Dead By Daylight developer Behavior Interactive has announced that it will be removing a number of cosmetics for its “cannibal” character (inspired by Leatherface from the 1974 Texas Chainsaw Massacre) after black gamers complained they were used for racial harassment were used.
Cosmetics, introduced a few years ago, include a number of unlockable skins for the cannibal that alter the “face” of their victim, which they wear on their head, much like Leatherface’s business card. The skins refer to the original four surviving characters that players could choose from, one of which was a black woman named Claudette.
Black Dead By Daylight players stated that enemy players would frequently target them for harassment while wearing the Claudette cannibal skin.
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“Members of the community have shared their experiences with people attacking and harassing them while using some of these masks,” Behavior Interactive said in a blog entry. “These reports were disheartening to hear and we absolutely condemn this behavior. We are not comfortable having these masks in the game when they are used as a means of spreading hatred.”
Behavior Interactive rewards players who unlock the skins with 6,000 Iridescent Shards, the in-game currency used to unlock cosmetics.
Black players also brought up that Leatherface players wearing dead black skin were uncomfortably close to wearing blackface. Blackface refers to the act of a non-black person wearing makeup to imitate a black person. The act has historical roots in minstrel shows from the 1830s and throughout the mid-20th century. In modern times, several politicians and public figures have come under fire for wearing blackface make-up in older images.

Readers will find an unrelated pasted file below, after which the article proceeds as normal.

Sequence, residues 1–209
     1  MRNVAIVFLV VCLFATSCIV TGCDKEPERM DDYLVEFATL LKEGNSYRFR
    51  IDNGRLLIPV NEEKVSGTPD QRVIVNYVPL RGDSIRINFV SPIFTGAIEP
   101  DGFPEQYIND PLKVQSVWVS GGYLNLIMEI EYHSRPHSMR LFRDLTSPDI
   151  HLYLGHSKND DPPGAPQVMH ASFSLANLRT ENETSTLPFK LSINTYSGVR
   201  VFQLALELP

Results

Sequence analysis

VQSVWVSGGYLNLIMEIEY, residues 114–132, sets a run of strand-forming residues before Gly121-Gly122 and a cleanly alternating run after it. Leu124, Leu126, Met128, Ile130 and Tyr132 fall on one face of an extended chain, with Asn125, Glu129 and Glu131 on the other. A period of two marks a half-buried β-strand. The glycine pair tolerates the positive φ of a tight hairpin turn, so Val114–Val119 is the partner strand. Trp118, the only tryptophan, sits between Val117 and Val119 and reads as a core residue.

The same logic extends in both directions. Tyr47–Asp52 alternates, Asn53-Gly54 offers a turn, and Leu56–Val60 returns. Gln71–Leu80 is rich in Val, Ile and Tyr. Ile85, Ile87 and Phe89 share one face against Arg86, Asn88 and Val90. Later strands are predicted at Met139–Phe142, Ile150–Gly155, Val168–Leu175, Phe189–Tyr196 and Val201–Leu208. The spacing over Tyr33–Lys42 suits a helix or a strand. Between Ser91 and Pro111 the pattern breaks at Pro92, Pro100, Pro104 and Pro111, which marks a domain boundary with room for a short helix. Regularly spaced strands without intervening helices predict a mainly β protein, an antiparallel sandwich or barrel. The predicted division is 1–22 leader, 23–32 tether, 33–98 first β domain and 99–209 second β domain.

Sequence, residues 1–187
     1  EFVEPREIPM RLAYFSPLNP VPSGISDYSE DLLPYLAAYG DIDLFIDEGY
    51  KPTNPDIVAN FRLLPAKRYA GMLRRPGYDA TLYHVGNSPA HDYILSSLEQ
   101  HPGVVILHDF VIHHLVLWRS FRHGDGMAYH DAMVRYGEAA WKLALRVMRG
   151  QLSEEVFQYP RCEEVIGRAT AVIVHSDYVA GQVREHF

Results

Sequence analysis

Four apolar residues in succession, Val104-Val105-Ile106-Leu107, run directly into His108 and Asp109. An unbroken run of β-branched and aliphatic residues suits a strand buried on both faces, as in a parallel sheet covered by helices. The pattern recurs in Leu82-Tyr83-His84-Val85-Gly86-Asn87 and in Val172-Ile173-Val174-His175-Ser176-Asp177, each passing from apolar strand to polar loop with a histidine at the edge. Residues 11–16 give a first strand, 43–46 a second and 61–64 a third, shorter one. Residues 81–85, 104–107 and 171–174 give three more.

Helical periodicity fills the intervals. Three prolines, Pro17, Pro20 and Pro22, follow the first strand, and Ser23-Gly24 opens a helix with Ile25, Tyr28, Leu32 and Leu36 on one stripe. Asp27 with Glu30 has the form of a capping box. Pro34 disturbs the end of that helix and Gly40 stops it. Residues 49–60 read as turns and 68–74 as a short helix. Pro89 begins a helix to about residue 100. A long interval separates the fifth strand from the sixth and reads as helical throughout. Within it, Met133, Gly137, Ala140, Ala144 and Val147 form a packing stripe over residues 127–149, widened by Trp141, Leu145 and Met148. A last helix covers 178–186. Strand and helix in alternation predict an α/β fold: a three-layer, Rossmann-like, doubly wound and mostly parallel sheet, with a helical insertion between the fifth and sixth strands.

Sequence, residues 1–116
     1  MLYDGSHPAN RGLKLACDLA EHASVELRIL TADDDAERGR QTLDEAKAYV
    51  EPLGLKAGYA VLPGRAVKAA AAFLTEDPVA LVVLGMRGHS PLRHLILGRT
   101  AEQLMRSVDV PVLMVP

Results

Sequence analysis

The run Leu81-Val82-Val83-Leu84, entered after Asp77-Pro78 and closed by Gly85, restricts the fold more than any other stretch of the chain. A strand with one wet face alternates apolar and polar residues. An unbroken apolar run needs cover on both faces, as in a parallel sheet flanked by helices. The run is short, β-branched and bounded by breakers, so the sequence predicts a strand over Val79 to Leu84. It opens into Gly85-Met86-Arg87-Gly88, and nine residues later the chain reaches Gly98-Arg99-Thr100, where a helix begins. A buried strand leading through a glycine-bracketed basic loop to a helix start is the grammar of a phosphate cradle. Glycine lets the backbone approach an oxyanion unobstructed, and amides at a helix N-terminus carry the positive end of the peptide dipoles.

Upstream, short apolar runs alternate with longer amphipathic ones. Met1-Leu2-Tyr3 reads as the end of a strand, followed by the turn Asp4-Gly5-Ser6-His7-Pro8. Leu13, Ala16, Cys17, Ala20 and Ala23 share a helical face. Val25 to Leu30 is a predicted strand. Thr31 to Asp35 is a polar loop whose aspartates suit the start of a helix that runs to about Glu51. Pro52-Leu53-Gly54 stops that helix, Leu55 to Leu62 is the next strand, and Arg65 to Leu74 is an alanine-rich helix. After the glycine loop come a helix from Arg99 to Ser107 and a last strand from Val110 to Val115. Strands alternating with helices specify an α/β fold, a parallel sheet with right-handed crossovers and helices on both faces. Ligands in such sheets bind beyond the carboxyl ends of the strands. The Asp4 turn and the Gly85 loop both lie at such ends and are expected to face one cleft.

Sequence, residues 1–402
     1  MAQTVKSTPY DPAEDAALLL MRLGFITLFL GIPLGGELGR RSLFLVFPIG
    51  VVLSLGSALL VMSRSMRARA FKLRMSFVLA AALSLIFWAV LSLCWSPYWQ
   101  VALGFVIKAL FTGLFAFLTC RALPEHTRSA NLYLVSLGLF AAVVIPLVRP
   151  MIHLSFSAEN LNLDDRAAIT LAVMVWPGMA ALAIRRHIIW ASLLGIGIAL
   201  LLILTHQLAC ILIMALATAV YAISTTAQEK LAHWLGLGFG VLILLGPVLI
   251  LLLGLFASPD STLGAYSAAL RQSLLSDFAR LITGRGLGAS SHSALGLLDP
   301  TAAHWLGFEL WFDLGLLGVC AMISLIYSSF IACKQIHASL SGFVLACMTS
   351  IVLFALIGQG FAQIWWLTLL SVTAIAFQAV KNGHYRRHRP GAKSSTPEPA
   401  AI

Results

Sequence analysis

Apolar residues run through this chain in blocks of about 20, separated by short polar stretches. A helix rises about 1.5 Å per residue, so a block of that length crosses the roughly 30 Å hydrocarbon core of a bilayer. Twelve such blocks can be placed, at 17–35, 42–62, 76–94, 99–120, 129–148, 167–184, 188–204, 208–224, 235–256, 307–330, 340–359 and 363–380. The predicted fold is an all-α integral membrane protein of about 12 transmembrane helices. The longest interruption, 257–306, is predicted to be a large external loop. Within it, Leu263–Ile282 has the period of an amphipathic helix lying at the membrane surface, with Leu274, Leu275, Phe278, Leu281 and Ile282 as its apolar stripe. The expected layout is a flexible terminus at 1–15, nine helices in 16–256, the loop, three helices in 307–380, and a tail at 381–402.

SistaKaren, a partner of Dead By Daylight, Compiled anecdotes from numerous black content creators to be bothered with Claudette Cannibal’s skin.
A content creator named MiladyConfetti described being harassed by someone who sent 500 bots to her channel to spam the N-word in her chat. MiladyConfetti says she was then given the walkthrough after submitting a support ticket, with neither Behavior Interactive, Steam, or Twitch taking responsibility for the harassment.
“I understand the reporting system. I had to meet this person four more times in the game and he knew who I was and he did the same damn thing over and over,” says MiladyConfetti in the video, visibly shaken. “I had to experience that. Why did it take me four more times to meet this person before something was done?”
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